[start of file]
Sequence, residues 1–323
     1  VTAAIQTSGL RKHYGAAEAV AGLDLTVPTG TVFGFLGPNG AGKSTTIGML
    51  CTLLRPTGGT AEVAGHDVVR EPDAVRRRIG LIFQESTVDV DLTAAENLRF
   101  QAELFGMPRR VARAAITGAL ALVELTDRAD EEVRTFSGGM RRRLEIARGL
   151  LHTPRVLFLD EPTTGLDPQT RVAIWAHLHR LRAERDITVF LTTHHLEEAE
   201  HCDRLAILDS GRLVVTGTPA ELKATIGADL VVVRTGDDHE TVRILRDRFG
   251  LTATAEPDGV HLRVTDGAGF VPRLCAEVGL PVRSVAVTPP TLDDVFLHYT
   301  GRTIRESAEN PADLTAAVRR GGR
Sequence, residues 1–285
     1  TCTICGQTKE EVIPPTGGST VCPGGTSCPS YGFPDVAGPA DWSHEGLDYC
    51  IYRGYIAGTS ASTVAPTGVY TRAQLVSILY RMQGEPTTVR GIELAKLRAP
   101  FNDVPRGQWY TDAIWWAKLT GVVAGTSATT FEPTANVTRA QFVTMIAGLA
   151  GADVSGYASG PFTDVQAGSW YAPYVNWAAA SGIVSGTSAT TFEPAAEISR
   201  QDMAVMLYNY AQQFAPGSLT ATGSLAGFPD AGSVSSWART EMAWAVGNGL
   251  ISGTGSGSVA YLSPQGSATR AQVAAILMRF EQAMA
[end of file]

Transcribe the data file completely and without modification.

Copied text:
Sequence, residues 1–323
     1  VTAAIQTSGL RKHYGAAEAV AGLDLTVPTG TVFGFLGPNG AGKSTTIGML
    51  CTLLRPTGGT AEVAGHDVVR EPDAVRRRIG LIFQESTVDV DLTAAENLRF
   101  QAELFGMPRR VARAAITGAL ALVELTDRAD EEVRTFSGGM RRRLEIARGL
   151  LHTPRVLFLD EPTTGLDPQT RVAIWAHLHR LRAERDITVF LTTHHLEEAE
   201  HCDRLAILDS GRLVVTGTPA ELKATIGADL VVVRTGDDHE TVRILRDRFG
   251  LTATAEPDGV HLRVTDGAGF VPRLCAEVGL PVRSVAVTPP TLDDVFLHYT
   301  GRTIRESAEN PADLTAAVRR GGR
Sequence, residues 1–285
     1  TCTICGQTKE EVIPPTGGST VCPGGTSCPS YGFPDVAGPA DWSHEGLDYC
    51  IYRGYIAGTS ASTVAPTGVY TRAQLVSILY RMQGEPTTVR GIELAKLRAP
   101  FNDVPRGQWY TDAIWWAKLT GVVAGTSATT FEPTANVTRA QFVTMIAGLA
   151  GADVSGYASG PFTDVQAGSW YAPYVNWAAA SGIVSGTSAT TFEPAAEISR
   201  QDMAVMLYNY AQQFAPGSLT ATGSLAGFPD AGSVSSWART EMAWAVGNGL
   251  ISGTGSGSVA YLSPQGSATR AQVAAILMRF EQAMA